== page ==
Edward Said, the American scholar (born in Jerusalem) who died last week, is often regarded as the man who invented the “blame-it-on-the-West” theory. His “Orientalism,” a polemical pamphlet masquerading as historical analysis, presented the study of the Muslim world by European scholars as a “colonialist plot.”
The premise of the polemic is simple: The West is an “imperialist” monster out to dominate the world, devour its resources, impoverish other nations, and plunge mankind into perpetual war.
The conclusion is equally simple: The only relationship possible between “the West” and “the rest” is one of perpetual conflict.
Almost two decades before Said, the Iranian polemicist Ali Shariati presented a similar reading of history in several books, some of which were serialized in the Tehran daily newspaper Kayhan in the mid-1970s.
Both men made a number of assumptions.
First, they saw the West as a monolithic machine motivated by Machiavellian considerations of power and profit.
Shariati had spent years in France while Said spent almost the whole of his life in the United States, where his father had become a citizen. Both writers failed to see, or chose to ignore, the diversity of political opinion, social mores, cultural attitudes, and the more classical class conflicts that existed in all pluralist and democratic Western societies.
Secondly, they saw the East-West relationship in purely moral terms and ignored the “cold” political, economic, and military aspects of international relations.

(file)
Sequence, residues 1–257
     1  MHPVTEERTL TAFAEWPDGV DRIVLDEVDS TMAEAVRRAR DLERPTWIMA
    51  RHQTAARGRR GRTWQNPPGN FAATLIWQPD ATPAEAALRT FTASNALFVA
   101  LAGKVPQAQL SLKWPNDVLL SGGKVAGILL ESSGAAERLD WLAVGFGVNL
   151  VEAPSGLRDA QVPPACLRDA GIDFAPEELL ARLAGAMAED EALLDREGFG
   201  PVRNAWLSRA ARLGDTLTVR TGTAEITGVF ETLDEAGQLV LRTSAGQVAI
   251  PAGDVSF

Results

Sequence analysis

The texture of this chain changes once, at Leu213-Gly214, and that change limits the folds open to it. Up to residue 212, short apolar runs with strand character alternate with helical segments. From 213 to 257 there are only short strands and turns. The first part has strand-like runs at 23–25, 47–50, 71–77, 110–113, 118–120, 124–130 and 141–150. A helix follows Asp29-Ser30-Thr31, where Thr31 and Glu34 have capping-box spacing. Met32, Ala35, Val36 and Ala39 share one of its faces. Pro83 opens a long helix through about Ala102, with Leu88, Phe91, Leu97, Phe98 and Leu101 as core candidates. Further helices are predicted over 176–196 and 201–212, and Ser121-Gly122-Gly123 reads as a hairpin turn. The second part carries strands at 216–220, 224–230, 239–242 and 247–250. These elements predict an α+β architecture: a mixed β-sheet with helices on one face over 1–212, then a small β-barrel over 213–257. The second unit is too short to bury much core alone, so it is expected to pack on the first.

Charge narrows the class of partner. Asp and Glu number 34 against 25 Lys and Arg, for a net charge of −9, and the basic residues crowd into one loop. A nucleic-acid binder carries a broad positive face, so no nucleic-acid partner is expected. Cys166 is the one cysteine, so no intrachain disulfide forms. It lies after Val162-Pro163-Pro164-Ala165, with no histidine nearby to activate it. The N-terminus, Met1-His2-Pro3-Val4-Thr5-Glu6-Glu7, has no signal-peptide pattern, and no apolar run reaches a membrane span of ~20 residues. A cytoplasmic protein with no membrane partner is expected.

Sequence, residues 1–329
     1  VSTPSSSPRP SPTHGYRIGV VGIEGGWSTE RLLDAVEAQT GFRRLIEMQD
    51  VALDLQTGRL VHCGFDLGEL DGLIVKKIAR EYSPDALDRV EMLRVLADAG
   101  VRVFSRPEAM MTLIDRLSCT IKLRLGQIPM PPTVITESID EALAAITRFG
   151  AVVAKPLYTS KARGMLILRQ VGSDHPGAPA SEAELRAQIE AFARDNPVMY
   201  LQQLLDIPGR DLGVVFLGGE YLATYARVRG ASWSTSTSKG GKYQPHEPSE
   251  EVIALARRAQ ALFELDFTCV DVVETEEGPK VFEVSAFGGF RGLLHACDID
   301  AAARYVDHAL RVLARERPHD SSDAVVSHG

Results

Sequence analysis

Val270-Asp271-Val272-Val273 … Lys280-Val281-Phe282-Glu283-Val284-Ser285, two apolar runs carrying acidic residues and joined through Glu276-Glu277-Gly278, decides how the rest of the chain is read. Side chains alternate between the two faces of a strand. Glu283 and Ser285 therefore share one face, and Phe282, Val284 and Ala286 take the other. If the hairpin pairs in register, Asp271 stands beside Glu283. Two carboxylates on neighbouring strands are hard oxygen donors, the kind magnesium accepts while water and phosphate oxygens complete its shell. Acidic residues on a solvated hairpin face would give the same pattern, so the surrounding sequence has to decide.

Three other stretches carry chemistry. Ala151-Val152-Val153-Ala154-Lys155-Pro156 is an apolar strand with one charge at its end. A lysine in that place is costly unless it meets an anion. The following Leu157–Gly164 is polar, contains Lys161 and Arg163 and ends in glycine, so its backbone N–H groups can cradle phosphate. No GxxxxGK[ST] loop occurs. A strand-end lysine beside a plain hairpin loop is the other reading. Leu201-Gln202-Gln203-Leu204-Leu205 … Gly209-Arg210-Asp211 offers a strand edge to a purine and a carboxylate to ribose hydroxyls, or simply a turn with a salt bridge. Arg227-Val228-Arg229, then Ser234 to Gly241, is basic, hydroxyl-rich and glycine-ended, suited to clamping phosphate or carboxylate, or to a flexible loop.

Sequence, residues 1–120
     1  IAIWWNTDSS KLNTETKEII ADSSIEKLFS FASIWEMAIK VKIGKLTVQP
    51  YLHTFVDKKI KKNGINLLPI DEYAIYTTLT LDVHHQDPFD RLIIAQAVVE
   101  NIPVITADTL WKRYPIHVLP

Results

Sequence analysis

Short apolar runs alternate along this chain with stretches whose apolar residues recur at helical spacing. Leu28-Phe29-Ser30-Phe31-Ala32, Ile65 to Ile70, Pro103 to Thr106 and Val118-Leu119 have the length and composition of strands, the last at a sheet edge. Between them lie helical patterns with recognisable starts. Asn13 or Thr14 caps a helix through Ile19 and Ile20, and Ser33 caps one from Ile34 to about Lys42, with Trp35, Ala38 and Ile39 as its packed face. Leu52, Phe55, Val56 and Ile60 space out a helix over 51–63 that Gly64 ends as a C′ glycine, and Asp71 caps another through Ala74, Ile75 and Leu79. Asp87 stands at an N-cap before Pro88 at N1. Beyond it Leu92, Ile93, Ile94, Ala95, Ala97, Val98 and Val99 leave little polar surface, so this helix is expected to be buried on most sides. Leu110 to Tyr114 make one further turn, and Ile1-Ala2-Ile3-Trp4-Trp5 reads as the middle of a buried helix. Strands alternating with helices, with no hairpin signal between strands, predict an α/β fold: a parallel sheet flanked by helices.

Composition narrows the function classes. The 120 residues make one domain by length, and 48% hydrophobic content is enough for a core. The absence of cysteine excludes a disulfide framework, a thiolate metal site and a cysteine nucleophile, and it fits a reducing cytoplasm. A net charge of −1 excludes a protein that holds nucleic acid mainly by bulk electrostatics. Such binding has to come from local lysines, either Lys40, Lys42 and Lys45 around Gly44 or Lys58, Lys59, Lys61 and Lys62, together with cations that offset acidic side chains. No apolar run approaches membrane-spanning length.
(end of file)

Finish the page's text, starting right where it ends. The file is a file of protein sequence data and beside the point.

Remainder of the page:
They never asked why it was so easy for Bonaparte to conquer Egypt with a handful of men. Nor did they wonder how the British were able to control the Indian subcontinent with a few thousands European officers and bureaucrats. Nor, again, did they ask why was it that Muslims, who had supposedly discovered the wisdom of the ancient Greeks before the Europeans, failed to develop the rationalism without which there can be no modern industry and thus no modern military power.
Thirdly, both men assumed that whatever came from the West was evil. They ignored the positive influence of Western ideas that, exported to “the rest,” enabled non-Western nations to attempt long-overdue reforms. Had Said and Shariati looked around them they would have seen that virtually the whole of the cultural and literary revival that Muslim nations experienced from the middle of the 19th century onwards was a result of Westernization.
Finally, both men wanted “the rest,” which in their case meant Muslims, to resist Westernization at all cost. To Shariati, becoming Westernized was like “catching syphilis.” Said saw Westernized Muslims as “service slaves” fed on crumbs from the Western high table.
“We have to re-become ourselves,” Shariati insisted.
But, like Said, he failed to say what exactly that “ourselves” was. Did it mean the moribund societies in which despots ruled over an ignorant and terrified peasantry with the help of corrupt elites? Did it mean a life blighted by poverty, disease, and insecurity? Did it mean a culture reduced to the level of silly neo-classical poetry and ornament-stricken prose?
Said and Shariati were intelligent enough not to re-become “themselves,” whatever that meant. They did not obtain their education at a madrassah in Qom or a maktab in Quetta. One passed through the crucible of the Sorbonne in Paris while the other studied at several American universities.